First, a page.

What I Don’t Know Won’t Hurt You: The Relation Between Professed Ignorance and Later Knowledge Claims

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Abstract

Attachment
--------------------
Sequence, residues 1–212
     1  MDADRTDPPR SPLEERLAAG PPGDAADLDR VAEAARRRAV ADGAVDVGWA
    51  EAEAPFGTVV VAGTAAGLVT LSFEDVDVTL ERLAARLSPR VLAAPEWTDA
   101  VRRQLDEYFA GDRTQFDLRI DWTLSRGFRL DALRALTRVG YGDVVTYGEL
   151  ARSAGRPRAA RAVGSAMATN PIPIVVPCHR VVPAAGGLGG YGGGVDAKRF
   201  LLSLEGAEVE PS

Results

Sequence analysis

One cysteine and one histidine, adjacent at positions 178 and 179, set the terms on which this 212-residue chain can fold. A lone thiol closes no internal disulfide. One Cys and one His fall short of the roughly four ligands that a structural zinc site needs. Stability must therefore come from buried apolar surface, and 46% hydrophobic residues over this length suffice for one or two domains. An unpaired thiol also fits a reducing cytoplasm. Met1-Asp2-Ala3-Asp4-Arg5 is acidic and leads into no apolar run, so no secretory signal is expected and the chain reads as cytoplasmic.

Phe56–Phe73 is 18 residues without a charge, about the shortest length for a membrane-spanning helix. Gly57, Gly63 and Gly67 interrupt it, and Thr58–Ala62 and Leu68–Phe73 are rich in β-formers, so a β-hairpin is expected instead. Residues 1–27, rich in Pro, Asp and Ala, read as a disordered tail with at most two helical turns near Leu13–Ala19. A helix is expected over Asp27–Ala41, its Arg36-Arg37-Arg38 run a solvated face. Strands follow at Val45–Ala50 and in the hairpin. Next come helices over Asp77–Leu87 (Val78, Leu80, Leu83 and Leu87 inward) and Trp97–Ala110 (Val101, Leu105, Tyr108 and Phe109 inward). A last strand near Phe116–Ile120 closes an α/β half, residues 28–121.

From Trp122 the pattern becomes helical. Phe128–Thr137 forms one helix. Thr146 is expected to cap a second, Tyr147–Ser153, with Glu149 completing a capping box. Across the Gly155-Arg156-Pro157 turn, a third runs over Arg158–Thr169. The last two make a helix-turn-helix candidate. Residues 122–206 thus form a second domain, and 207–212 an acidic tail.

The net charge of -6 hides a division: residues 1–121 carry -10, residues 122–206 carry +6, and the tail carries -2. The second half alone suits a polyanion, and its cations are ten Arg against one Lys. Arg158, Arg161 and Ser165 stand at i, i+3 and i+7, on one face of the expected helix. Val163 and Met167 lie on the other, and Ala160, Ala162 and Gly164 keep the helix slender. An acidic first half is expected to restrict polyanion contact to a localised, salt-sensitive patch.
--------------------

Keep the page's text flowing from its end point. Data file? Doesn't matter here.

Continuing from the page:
Testimony is a valuable source of information for young learners, in particular if children maintain vigilance against errors while still being open to learning from imperfectly knowledgeable sources. We find support for this idea by examining how children evaluate individual speakers who present very different epistemic risks by being previously ignorant or inaccurate. Results across 2 experiments show that children attribute knowledge to (Experiment 1) and endorse new claims made by speakers (Experiment 2) who previously professed ignorance about familiar object labels, but not to speakers whose labels were previously inaccurate. Study 2 further clarifies that children are not simply relying on links between informational access and knowledge; children rejected testimony from a previously inaccurate speaker even when she had perceptual access to support her claim. These results show that children actively monitor the reliability of a speaker’s knowledge claims, distinguish unreliable speakers from those who sometimes admit ignorance, raising new questions about how such admissions factor in to children’s appraisal of the scope and limits of a person’s knowledge.

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